Configuring and Branding a Visual Web Part Solution for SharePoint 2010 With Visual Studio 2010

Although I originally saw the new Visual Studio Tools for SharePoint 2010 back in August 2009, this past week was the first opportunity that I was able to get down to business with them, working with a web part solution (I don’t get to develop as much as I’d like to these days…). The beauty of these tools is that they not only (finally) give you a true “F5” approach to developing SharePoint applications, but they also build out and deploy web part solutions automatically for you. Indeed, every run of your application goes through the packaging and deployment process.

Before I get into this, I want to say that to a jaded old SharePoint developer, these tools are like manna from heaven. Not only is ease of use greatly improved, but so is speed of deployment and debugging.

However, unless you want your feature to be named “Feature1” and your solution to be named “MySolution”, and you want your assembly to be named exactly the same as your project, you’ll want to brand your solution a bit. Renaming a project and/or a component file will do a certain amount of refactoring automatically for you, but it isn’t complete and there are a few gotchas. I thought that I’d outline a few of them,and walk you through a branding process. This example uses a Visual Basic project,and there will be differences with C#, but the concepts remain the same.

1. Create your Visual Web Part, and give it a name. In this case, the name will be “Hello World” (Original, huh?)

2. Next, change the Web part names from “VisualWebPart1” to your name, in this case “HelloWorld” (notice the lack of spaces). When asked to perform a rename of all references, select yes. Don’t get too excited, it only changes code references.

3. Then, do a search and replace (Ctl-H) on the entire solution, and replace “VisualWebPart1” with your name – in our case “HelloWorld”

It should find and replace 5 references (for a VB.NET project at least).

4. If you want to change the name of your assembly and/or root namespace, go to project properties and do so. In our case, the Assembly name will be changed from “Hello World” to “SecondFoundation.HelloWorld”, and the root namespace will be changed from “Hello_World” to “SecondFoundation.HelloWorld”.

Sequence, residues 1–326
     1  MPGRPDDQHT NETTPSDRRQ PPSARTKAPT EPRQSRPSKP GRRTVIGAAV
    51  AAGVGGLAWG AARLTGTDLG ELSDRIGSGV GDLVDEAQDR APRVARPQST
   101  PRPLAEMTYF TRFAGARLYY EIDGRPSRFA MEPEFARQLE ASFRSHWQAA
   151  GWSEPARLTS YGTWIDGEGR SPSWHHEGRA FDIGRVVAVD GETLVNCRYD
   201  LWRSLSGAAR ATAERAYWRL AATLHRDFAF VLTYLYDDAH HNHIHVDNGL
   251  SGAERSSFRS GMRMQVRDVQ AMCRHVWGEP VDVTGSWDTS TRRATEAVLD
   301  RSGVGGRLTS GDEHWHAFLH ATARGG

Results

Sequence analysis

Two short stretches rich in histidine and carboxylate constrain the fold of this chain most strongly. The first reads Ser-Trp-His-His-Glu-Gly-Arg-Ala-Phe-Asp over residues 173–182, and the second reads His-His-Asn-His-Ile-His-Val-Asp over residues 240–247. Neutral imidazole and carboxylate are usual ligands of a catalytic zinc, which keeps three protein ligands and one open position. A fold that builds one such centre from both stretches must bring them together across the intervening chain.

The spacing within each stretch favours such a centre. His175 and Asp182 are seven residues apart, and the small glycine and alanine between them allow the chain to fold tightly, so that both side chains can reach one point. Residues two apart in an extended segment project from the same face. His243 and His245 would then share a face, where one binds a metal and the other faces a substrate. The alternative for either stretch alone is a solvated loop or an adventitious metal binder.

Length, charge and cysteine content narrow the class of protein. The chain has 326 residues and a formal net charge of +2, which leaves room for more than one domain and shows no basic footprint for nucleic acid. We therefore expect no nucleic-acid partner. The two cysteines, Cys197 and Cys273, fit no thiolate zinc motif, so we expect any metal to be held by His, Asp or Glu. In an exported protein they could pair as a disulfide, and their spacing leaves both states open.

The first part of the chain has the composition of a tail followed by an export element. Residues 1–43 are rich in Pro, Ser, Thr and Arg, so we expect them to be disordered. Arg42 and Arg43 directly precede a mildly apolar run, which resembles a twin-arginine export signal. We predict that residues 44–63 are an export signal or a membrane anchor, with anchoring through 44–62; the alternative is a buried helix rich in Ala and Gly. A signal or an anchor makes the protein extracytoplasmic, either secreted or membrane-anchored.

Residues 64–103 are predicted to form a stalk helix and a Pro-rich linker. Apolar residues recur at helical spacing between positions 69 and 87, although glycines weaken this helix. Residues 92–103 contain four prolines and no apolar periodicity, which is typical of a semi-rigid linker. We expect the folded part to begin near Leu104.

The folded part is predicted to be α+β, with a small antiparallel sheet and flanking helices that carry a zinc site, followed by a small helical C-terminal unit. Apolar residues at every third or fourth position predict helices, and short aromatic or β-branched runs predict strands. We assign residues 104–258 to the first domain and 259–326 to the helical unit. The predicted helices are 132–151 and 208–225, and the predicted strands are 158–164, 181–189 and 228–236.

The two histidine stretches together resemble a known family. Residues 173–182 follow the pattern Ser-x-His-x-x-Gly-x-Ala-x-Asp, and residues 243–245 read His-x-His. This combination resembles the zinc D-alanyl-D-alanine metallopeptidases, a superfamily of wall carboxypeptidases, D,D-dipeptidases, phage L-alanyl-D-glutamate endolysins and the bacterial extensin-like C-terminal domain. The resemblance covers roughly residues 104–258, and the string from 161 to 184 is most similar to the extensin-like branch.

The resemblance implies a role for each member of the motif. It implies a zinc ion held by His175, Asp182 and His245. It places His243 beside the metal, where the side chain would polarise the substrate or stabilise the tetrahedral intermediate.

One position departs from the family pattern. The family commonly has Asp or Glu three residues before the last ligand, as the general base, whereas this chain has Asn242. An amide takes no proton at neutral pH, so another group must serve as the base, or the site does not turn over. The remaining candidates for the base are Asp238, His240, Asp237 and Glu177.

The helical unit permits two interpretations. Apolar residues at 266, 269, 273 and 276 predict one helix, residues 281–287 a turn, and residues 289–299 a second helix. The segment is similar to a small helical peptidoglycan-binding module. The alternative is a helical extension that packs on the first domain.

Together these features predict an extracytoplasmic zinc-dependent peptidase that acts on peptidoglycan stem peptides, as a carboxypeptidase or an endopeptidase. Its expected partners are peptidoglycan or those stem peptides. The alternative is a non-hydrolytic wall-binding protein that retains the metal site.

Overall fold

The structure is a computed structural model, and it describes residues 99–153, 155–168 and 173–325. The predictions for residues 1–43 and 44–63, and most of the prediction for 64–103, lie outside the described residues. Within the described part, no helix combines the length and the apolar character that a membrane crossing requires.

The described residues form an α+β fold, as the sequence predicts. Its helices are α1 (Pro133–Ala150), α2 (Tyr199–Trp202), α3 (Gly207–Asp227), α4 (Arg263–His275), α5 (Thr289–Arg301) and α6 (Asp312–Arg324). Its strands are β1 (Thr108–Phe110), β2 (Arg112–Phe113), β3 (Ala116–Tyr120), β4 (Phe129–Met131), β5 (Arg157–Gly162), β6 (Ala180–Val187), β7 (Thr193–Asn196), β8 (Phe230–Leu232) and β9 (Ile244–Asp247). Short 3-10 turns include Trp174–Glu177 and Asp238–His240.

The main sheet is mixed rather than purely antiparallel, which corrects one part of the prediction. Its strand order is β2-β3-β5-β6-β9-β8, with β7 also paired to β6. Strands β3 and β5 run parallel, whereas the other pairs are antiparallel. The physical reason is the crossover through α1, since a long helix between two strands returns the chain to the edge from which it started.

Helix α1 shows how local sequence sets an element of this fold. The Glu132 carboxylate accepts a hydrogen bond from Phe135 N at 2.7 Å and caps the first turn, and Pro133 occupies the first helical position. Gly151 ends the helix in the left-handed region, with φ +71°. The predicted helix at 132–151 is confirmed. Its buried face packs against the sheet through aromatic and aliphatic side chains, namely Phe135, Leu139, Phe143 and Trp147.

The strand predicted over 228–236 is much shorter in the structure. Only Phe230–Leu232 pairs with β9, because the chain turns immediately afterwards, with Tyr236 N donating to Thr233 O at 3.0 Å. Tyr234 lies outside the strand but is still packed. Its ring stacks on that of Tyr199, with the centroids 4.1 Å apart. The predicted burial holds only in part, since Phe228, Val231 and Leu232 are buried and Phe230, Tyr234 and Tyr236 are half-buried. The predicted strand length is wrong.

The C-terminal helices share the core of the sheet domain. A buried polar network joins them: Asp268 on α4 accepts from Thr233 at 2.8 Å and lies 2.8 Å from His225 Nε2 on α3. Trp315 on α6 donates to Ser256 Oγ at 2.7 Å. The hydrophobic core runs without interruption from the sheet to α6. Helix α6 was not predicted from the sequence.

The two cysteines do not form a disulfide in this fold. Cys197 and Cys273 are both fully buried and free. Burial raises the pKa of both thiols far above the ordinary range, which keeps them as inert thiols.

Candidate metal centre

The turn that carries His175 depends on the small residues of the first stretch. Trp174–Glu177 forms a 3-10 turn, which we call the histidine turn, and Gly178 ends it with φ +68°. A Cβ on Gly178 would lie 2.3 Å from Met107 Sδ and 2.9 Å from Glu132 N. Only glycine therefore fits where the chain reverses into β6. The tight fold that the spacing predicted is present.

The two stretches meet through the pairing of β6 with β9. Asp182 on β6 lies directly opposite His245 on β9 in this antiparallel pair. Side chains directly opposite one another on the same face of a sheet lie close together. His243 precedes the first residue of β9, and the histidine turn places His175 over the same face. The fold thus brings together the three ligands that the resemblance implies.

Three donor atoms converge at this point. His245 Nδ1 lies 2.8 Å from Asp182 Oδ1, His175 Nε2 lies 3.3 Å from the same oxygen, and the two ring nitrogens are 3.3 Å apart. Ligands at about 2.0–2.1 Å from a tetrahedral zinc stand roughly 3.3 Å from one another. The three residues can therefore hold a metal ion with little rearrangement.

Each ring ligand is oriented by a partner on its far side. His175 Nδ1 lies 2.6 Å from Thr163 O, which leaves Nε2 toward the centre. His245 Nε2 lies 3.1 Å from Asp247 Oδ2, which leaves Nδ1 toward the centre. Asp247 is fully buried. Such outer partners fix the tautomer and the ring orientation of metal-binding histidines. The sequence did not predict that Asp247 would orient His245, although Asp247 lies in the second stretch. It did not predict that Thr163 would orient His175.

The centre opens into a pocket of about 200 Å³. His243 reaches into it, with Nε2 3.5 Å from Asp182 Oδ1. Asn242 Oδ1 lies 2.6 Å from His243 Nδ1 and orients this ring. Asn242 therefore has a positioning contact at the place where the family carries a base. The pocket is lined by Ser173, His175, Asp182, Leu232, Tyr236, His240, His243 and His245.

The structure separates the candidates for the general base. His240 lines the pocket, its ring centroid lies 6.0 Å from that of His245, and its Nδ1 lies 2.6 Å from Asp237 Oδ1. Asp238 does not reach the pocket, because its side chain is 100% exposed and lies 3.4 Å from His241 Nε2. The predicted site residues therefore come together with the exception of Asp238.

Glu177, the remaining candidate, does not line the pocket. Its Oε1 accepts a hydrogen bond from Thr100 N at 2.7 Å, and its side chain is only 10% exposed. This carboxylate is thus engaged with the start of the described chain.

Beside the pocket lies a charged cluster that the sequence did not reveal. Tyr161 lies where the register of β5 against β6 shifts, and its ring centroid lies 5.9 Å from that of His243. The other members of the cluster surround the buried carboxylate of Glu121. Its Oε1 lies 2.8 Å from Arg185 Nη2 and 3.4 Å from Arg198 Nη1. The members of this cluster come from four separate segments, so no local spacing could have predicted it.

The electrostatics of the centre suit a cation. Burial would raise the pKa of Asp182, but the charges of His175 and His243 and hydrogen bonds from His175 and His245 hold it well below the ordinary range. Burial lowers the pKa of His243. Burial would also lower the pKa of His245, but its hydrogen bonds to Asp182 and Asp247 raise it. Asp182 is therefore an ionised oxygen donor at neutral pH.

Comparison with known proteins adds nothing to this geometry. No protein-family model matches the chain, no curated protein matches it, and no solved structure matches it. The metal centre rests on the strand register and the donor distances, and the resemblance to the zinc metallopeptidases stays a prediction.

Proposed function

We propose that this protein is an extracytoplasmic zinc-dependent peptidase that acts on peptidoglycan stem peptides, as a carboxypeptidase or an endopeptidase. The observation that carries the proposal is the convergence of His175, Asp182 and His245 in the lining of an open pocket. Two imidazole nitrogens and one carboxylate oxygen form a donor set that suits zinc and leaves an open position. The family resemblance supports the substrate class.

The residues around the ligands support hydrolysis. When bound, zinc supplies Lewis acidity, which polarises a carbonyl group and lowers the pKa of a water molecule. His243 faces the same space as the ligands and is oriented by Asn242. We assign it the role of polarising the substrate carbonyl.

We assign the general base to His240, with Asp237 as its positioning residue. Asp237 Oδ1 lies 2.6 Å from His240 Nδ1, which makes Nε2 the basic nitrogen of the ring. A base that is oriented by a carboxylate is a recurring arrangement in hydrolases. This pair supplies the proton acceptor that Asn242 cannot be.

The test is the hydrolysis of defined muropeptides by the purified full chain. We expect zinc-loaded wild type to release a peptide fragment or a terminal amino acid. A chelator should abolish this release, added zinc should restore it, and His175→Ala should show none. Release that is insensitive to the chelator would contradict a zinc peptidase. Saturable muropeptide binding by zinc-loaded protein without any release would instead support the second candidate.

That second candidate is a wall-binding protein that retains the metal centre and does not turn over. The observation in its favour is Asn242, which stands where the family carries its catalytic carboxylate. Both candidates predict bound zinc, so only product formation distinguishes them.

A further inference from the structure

5. Next, edit the SharePointProjectItem.spdata file. This is a hidden file and you’ll need to turn on the “Show All Files” option in the solution explorer. This file controls the auto generation of several project components.

In the SafeControl entry, you’ll find that the Namespace attribute reflects the original name of the assembly. You’ll need to update it to reflect your change:

6. Next, edit your xxxx.webpart file (in our case HelloWorld.webpart). You’ll need to change the name attribute of the type entry in the <metaData> section to reflect your changes. While you’re at it, you should likely change the Title and Description properties to something meaningful, although this isn’t required.

7. You’ll need to edit your xxxxxxUserControl.ascx file (in our Case HelloWorldUserControl.ascx) and change the Inherits attribute from the Control entry (the last line) to reflect the namespace changes.

8. Optionally, edit the Elements.xml file, and change the Group property to something meaningful.

9. Open up the Features section in the Solution Explorer, and change the name from Feature1 to something meaningful. In our case, to continue on with my highly creative theme, we’ll call it HelloWorld.

10. Finally, Edit your .ascx file and add some content to allow us to see the web part on the page. I’ll leave it to you to guess what content I’m adding…..

Run your project, and add your new web part to the page that pops up. All should be well.

This should get you going with creating non-generic web parts. Enjoy.

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